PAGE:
This Sunday at the Central Cariboo Arts Centre the Williams Lake Studio Theatre Society invites everyone to come and lift their voices in song at a new workshop.
One of the many workshops the society hosts year round, the workshop will focus on singing in general with an emphasis on singing for the stage.
No acting experience is required to attend the workshop, just a pair of lungs and the willingness to try.
Sandi Alaric, a long-time on and off member of the Studio Theatre society for the last 45 years, will be facilitating the workshop. A member of a couple local choral groups, Alaric has always had an interest and passion for singing, which is why she chose to head this workshop.
She will be beginning the workshop with some proper breathing exercises, voice placement techniques, posture positioning and voice exercises designed to maintain a consistent voice for extended periods of time. Throughout the workshop, Alaric said she and the attendees will be working on different pieces of music.
Running from 1:30 to 4:30 p.m. the workshop is completely free to members of the society and everyday people alike.
“As we do with all of our theatre workshops, we’ve opened it up to the community. It’s not an in-house thing; we want anybody from people in church choirs, to somebody who sings in the shower, it doesn’t matter. Just come out and learn how to create a pleasing sound (with your voice),” Alaric said.
There’s no limit on the number of participants, but Alaric said she anticipates roughly a dozen attendees, though she said she’d be absolutely fine with a number as high as 30. After all, “As with anything else in the theatre, the more the merrier.”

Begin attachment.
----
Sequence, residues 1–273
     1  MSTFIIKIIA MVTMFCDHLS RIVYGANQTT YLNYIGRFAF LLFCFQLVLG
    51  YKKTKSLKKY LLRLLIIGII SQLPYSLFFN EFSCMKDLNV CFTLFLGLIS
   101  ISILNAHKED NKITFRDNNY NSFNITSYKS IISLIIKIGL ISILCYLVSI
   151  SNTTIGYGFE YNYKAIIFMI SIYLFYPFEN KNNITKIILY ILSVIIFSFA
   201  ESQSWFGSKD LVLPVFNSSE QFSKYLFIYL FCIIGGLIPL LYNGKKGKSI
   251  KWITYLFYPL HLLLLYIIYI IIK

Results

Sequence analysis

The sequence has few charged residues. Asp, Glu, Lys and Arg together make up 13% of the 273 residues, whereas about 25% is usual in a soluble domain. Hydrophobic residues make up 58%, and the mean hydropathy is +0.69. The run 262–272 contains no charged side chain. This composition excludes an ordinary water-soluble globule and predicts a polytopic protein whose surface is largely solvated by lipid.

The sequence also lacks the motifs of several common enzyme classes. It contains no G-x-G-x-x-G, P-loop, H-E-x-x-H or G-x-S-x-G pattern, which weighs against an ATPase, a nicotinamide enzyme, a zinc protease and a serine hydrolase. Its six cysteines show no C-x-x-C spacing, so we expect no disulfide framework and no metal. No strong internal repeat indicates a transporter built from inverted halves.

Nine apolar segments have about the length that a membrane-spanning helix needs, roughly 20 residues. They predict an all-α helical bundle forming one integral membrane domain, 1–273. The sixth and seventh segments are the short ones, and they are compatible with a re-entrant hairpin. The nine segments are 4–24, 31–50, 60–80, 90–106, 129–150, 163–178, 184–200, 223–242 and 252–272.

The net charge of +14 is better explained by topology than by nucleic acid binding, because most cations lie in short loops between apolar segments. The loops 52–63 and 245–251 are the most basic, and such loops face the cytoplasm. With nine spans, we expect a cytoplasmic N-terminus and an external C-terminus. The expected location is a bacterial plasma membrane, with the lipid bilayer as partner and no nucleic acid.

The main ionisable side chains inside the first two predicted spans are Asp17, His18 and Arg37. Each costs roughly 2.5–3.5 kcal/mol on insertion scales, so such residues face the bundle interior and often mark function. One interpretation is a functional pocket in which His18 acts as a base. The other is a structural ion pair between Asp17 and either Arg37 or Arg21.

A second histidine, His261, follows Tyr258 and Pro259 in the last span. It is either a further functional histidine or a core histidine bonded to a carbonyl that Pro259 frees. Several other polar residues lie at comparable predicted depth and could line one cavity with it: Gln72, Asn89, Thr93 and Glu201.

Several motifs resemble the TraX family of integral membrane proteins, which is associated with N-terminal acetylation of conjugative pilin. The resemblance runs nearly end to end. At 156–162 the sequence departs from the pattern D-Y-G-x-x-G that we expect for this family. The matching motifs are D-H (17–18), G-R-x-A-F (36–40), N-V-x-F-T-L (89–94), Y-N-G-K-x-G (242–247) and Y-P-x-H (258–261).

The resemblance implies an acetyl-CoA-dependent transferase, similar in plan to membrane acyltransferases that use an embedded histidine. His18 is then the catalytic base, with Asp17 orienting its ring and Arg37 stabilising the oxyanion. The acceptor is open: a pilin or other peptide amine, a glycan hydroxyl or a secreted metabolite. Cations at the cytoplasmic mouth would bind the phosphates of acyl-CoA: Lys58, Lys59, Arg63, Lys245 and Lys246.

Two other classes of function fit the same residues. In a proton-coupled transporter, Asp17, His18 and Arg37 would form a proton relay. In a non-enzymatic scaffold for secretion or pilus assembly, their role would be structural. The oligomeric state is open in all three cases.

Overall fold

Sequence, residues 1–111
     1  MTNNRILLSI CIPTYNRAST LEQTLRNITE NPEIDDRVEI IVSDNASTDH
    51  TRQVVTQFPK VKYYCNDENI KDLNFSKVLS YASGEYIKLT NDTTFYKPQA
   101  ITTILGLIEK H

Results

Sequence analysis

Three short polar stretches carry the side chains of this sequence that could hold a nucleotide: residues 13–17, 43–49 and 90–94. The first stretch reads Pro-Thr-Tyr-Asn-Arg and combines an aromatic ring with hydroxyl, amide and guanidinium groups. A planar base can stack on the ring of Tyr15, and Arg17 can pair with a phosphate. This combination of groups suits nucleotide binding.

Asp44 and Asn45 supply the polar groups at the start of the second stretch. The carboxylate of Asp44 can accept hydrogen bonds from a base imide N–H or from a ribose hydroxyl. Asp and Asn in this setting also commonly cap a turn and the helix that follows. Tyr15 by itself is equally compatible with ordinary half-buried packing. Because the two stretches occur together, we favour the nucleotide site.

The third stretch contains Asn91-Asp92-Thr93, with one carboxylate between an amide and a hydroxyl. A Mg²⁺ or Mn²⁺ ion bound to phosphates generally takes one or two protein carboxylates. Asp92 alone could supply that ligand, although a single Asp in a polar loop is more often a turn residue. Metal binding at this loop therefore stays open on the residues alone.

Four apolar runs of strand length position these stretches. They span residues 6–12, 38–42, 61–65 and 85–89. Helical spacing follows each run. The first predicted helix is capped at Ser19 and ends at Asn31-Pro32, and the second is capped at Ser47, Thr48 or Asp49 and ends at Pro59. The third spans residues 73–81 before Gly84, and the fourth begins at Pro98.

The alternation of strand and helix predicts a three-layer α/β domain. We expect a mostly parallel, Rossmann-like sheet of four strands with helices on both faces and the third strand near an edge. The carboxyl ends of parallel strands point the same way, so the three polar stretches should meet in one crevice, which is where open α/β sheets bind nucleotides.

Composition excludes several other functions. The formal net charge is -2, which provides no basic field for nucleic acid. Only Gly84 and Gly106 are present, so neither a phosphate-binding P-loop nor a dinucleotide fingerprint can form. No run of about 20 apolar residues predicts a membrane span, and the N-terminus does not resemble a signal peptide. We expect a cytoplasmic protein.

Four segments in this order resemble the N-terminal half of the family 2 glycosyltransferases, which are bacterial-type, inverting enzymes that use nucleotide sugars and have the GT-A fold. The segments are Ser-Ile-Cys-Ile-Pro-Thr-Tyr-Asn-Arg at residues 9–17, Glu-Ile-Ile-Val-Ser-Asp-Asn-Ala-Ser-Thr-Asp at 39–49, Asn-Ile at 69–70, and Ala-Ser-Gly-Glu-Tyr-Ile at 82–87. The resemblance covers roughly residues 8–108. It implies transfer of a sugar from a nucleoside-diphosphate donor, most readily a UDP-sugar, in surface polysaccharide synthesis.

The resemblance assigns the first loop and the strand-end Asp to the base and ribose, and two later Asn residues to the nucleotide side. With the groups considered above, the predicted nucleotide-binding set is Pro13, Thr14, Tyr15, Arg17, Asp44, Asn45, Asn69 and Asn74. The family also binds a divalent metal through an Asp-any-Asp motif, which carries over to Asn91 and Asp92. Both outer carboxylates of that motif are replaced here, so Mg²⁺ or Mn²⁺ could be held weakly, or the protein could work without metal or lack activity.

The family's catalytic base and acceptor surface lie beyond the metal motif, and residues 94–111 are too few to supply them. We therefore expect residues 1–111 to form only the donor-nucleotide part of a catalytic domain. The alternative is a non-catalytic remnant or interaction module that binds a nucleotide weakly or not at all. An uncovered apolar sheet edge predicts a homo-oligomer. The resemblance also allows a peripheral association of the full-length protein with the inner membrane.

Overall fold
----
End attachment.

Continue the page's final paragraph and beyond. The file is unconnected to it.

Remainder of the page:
Even for those without a desire to perform, Alaric feels the workshop and its content will be valuable. She’s found many skills she learned at the theatre have translated into everyday life, providing skills like confidence, voice control and proper posture, to name but a few.
Finally, Alaric said the workshop is a great way for people to find out more about the Studio Theatre. By meeting its members and participating in the workshop, they can get hands-on experience with what they have to offer.
“For me, music adds just a whole new aspect to theatre. It’s probably one of the most difficult things you can do on stage because you have to develop a character, memorize spoken and singing lines,” Alaric said. “Often in musicals you have to add dance to that, so to me it is one of the most difficult and challenging aspects of theatre.”
Despite its difficulty, Alaric said she believes it’s one of the most important forms of theatre, not to mention being one of the most popular amongst general audiences.
At this workshop, people will be afforded the chance to raise their voices in song, without straining them, for three hours. In Alaric’s eyes, there’s nothing wrong with that.
“Anyone who wants to spend a Sunday afternoon singing and creating wondrous sounds, please come out,” Alaric concluded, adding interested parties are encouraged to preregister at The Open Book or with her directly at 250-398-7215.